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In the United States, tinnitus (ringing in the ears) affects 20 percent of the entire population, and hearing loss exists in 90 percent of those cases.

With such a strong relationship between tinnitus and hearing loss, you would think that people would be much more likely to seek treatment for one or both ailments.

But in fact we find the reverse. Among those who refuse treatment for hearing loss, 39 percent (9 million people) do so because they believe that nothing can be done about their tinnitus.

That’s 9 million people that are suffering needlessly when a treatment plan is available that could both augment hearing and alleviate tinnitus concurrently.

That treatment is the professional fitting of hearing aids.

In a recent survey of hearing health specialists, it was found that 60 percent of patients reported some level of tinnitus relief when utilizing hearing aids, while 22 percent claimed substantial relief.

Based on these numbers, if the 9 million who have abandoned tinnitus utilized hearing aids, 5.4 million would realize some degree of relief and about 2 million would attain substantial relief.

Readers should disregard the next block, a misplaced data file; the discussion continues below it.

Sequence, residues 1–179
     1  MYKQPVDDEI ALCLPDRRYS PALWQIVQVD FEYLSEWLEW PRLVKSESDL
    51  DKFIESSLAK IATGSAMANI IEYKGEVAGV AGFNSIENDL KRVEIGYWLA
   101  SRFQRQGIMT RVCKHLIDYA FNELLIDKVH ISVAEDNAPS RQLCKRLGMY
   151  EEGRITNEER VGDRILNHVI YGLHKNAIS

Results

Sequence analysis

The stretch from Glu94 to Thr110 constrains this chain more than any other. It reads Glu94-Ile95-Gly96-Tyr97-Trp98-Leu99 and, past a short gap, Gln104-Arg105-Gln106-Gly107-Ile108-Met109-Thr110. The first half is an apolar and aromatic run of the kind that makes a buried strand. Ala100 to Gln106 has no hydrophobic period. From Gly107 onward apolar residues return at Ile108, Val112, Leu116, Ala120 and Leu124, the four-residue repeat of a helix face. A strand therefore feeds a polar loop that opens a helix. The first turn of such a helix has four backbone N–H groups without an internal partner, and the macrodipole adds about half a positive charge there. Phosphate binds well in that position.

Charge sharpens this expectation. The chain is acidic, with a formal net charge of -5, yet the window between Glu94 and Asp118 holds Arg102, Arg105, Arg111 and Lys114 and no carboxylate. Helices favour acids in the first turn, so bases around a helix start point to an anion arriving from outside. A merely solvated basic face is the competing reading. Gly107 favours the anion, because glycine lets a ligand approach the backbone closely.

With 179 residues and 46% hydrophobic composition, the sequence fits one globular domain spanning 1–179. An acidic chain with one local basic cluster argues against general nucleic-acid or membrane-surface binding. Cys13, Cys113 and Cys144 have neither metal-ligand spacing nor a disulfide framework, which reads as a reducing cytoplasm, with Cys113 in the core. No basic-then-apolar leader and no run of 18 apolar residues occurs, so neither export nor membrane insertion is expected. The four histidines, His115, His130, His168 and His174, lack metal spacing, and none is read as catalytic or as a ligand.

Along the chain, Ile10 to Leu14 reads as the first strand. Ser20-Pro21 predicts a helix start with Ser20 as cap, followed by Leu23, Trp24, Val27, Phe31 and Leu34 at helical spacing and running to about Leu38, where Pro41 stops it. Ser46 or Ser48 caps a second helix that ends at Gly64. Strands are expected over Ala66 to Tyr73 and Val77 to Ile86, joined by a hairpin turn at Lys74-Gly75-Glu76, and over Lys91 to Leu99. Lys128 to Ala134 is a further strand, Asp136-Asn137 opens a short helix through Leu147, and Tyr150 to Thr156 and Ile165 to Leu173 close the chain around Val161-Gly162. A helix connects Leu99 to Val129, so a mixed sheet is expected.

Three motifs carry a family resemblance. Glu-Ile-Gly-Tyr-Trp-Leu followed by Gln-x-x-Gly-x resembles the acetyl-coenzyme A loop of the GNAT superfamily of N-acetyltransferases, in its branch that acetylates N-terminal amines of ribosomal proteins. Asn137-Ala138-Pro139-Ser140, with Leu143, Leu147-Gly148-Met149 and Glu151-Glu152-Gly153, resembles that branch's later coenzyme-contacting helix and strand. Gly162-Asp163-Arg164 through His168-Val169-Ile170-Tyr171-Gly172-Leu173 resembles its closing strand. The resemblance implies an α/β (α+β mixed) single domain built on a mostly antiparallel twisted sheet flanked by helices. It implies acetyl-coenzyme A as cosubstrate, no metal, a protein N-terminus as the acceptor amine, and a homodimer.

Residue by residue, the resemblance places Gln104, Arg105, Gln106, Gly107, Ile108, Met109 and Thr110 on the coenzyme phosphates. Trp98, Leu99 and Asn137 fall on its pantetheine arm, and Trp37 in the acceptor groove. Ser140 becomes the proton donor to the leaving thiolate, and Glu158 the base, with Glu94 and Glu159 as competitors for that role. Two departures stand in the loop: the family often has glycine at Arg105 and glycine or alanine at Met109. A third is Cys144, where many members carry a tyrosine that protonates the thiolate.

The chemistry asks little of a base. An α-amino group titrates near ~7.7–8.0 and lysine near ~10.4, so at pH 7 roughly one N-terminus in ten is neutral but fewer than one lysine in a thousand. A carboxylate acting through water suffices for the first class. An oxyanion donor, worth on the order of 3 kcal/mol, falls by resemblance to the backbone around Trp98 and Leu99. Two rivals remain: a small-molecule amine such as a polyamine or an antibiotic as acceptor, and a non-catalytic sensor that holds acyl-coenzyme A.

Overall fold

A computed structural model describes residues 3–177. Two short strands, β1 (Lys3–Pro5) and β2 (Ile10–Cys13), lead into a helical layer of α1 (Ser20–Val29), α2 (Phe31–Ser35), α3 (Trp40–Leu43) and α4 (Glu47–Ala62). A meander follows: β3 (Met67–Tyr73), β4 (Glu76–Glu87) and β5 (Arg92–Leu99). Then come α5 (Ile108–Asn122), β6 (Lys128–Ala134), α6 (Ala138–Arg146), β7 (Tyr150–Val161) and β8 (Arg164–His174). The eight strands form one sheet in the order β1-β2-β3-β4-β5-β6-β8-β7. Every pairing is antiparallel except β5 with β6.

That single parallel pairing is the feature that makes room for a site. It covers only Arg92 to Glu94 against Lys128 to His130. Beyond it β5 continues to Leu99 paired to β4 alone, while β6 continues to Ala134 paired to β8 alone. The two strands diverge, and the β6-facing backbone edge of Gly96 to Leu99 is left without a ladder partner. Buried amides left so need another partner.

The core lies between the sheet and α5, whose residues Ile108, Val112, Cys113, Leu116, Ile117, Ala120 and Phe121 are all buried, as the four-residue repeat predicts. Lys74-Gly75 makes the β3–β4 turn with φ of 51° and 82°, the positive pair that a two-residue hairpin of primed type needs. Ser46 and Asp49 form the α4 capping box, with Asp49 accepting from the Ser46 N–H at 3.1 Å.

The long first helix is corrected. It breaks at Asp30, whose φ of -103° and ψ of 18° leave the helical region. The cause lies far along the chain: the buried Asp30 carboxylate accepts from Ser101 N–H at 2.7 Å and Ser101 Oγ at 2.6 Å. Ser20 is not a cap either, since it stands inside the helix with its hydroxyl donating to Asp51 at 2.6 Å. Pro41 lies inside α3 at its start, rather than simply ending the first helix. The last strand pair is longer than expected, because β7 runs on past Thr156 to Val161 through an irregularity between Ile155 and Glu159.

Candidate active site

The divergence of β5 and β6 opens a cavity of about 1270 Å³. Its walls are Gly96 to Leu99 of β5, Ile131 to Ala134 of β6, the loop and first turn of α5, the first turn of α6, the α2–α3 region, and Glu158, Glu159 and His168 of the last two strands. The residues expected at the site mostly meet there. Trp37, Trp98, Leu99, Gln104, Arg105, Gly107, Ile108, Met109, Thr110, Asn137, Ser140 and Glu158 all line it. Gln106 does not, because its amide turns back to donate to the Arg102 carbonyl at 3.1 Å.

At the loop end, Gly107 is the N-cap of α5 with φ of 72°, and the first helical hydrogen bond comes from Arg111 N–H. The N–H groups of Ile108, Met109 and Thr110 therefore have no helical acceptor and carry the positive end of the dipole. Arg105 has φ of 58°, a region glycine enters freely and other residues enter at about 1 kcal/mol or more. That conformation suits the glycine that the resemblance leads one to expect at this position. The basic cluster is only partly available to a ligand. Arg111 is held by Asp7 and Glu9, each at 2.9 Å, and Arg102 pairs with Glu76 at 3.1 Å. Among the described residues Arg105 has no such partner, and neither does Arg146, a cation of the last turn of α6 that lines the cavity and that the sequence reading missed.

But how do hearing aids actually mitigate the severity of tinnitus?

The scientific consensus is that hearing loss leads to reduced sound stimulation reaching the brain. In response, the brain goes through maladaptive neurological changes that result in the perception of sound when no external sound is present.

It’s this very subjective character that makes tinnitus so hard to diagnose and treat, and why medications or surgical procedures generally have little impact. There’s simply no physical structure to repair or chemistry to influence.

But there is a way to reach the perception of sound, a way to help the brain adapt or reverse its reaction to diminished sound stimulation.

With the help of hearing aids, amplified sound can help readjust the brain to normal levels of sound stimulation and in the process supply a masking effect for the sounds of tinnitus.

For people with hearing loss, tinnitus is more noticeable because the tinnitus is louder relative to the volume of exterior sound. By turning up the volume on external sound, tinnitus can vanish into the background.

Furthermore, some hearing aids can deliver sound therapy directly to the user, which can be customized for each person.

Hearing aids, coupled with sound and behavioral therapy, are right now the best tinnitus treatment options available. Most patients describe some degree of relief and many patients report significant relief.

Are you ready to give hearing aids a try? Schedule a consultation today!

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